China, India, South Africa and Brazil — the so-called BASIC bloc of nations — said the nonbinding deal that came out of the Copenhagen climate summit was just a "political understanding" and that future climate negotiations must not be based on that plan.
The skeletal Copenhagen Accord was brokered among the BASIC nations and the United States in the frantic final hours of the December talks. The UN Conference of Parties ‘took note‘ of its existence but fell short of the full support needed to adopt it.
In a statement released on Jan. 24, the newly powerful BASIC bloc said that it supports the Copenhagen Accord but that formal climate talks must move along two tracks only — one that would extend the Kyoto Protocol for the 184 nations that signed it and another that would add an agreement to govern the United States and emerging economies.
The statement was issued by the quartet’s environment minister following the bloc’s first post-Copenhagen meeting.
It is the latest indication that the Copenhagen Accord — once heralded by President Obama as "a consensus that will serve as a foundation for global action to confront the threat of climate change for years to come" — is quickly losing significance.
The statement also portends the continuation of a familiar rift — between rich nations that want a single new climate treaty and poorer ones that want to keep Kyoto.
Under the 1997 Kyoto Protocol, 37 developed countries agreed to slash emissions by an average target of 5 percent below 1990 levels over a period of four years, beginning in 2008. This first commitment period ends in 2012.
Copenhagen was expected to set new targets and dates for the treaty’s next commitment period.
What emerged instead was deadlock on both tracks and a three-page deal that aspires to a 2 degree Celsius temperature limit and billions in climate financing for the poor but appears to have little weight.
Moving forward, the BASIC nations, which hold over 40 percent of the world’s population and account for nearly one-third of global greenhouse gas emissions, could hold the key to breaking the deadlock, some experts say.
Earlier this month, Greenpeace called on the BASIC nations to fill the leadership void.
"BASIC will have to fill the vacuum of leadership on climate left by the developed world and ensure a global legally binding agreement is reached," said Siddharth Pathak, climate and energy policy officer at Greenpeace India.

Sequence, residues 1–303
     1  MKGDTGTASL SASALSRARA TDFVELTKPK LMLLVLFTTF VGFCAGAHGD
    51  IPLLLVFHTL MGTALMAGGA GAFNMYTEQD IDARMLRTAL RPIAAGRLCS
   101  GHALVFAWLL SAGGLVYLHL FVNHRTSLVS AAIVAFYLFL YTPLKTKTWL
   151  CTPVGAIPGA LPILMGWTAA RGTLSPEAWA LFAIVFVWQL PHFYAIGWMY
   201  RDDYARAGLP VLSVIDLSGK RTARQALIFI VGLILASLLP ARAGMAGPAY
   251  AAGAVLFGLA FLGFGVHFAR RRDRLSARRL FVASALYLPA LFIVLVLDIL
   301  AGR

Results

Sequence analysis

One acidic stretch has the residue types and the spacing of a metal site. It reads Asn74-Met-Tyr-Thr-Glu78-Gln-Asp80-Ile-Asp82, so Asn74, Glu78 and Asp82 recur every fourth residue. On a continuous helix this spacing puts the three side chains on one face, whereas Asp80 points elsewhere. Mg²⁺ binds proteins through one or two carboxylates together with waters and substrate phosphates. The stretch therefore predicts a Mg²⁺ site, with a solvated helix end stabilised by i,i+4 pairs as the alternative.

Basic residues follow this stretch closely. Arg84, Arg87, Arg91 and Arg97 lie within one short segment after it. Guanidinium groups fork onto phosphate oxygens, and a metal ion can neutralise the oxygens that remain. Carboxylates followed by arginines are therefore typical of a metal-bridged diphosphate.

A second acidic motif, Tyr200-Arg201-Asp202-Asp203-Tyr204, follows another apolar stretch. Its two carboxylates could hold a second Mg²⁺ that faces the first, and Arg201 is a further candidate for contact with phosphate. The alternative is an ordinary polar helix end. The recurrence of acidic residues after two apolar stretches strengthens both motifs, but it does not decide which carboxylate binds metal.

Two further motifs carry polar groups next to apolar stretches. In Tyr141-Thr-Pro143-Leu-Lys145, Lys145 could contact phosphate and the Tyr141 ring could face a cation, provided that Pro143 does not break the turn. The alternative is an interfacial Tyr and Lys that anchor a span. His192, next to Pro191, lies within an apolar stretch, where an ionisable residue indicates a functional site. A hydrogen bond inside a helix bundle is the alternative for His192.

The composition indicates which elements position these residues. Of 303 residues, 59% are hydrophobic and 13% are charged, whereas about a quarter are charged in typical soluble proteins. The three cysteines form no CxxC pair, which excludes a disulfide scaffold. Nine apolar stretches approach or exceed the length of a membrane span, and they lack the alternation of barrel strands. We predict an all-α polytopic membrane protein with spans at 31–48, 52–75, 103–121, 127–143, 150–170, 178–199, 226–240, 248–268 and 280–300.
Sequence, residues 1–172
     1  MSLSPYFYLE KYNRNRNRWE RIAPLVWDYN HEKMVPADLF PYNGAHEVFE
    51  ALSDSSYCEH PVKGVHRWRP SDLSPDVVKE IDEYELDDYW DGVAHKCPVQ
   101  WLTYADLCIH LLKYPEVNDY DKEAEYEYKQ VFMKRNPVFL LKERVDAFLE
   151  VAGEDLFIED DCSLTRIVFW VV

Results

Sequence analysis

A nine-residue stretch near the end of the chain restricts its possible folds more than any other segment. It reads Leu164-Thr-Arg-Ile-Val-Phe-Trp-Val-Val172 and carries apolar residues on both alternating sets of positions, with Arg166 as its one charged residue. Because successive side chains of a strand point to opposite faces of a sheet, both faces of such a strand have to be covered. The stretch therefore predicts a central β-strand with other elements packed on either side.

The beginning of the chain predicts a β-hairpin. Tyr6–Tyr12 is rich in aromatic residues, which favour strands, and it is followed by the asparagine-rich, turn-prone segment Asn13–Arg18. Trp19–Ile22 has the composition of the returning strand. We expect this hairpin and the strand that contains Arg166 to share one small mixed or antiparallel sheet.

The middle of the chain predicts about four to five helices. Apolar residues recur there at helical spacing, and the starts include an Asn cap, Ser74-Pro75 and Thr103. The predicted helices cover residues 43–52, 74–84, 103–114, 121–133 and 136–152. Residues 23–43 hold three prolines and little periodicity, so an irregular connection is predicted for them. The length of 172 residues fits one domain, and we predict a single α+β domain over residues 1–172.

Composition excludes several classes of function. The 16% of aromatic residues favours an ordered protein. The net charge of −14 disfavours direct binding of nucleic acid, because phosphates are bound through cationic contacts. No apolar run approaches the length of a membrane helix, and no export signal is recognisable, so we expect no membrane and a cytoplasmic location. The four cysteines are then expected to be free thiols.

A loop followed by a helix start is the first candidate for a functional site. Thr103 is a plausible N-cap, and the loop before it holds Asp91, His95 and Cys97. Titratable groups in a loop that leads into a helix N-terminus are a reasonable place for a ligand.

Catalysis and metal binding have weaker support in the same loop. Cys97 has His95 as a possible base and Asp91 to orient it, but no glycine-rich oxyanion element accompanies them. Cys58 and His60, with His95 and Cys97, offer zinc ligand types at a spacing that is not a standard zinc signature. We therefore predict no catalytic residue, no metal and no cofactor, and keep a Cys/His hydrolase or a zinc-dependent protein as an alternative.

"The four nations must also take into account the consequences of global warming for other developing countries, particularly the most vulnerable."
On Sunday, the block’s members said they would work together "with all other countries to ensure an agreed outcome at COP-16 in Mexico later this year."
Accord Comes Undone?
The Danish presidency of the Copenhagen climate talks urged nations to formally "associate" themselves with the accord by the end of January. The accord gives rich countries that do so a Jan. 31 deadline to declare their greenhouse gas reduction goals, while developing nations that associate with the accord must deliver their national climate-fighting plans.
Last week, however, UN climate chief Yvo de Boer began to backpedal on the significance of the accord, calling the Jan. 31 deadline "soft" and the entire document merely a "political letter of intent."
So far, fewer than a dozen nations have signed on, with the deadline a week away. The world’s two biggest carbon polluters, China and the U.S., are not yet officially on board.
Before Copenhagen, Obama had offered a 17 percent cut in U.S. emissions by 2020 from 2005 levels. Earlier this month, Todd Stern, chief climate negotiator, said the U.S. fully intended to submit that commitment to the UN climate secretariat by Jan. 31.
The BASIC bloc made a similarly cautious vow. In their statement, the four countries "expressed their intention" to submit voluntary national actions plans to the UN climate secretariat on time.
Countries may have good reason to be cautious, suggests Martin Khor, executive director of the South Centre, a Geneva–based research group.
The Copenhagen Accord is not just a political piece of paper, as nations claim publicly, he said in a new analysis. Quite the contrary: "’Associating’ with the accord may have serious…legal implications" down the road.
"In essence, association with the Copenhagen Accord in writing, as requested by the Danish presidency, would essentially be a unilateral declaration on the part of the associating party of its willingness to be bound — in both political and international law terms — to the provisions of the Copenhagen Accord," he said.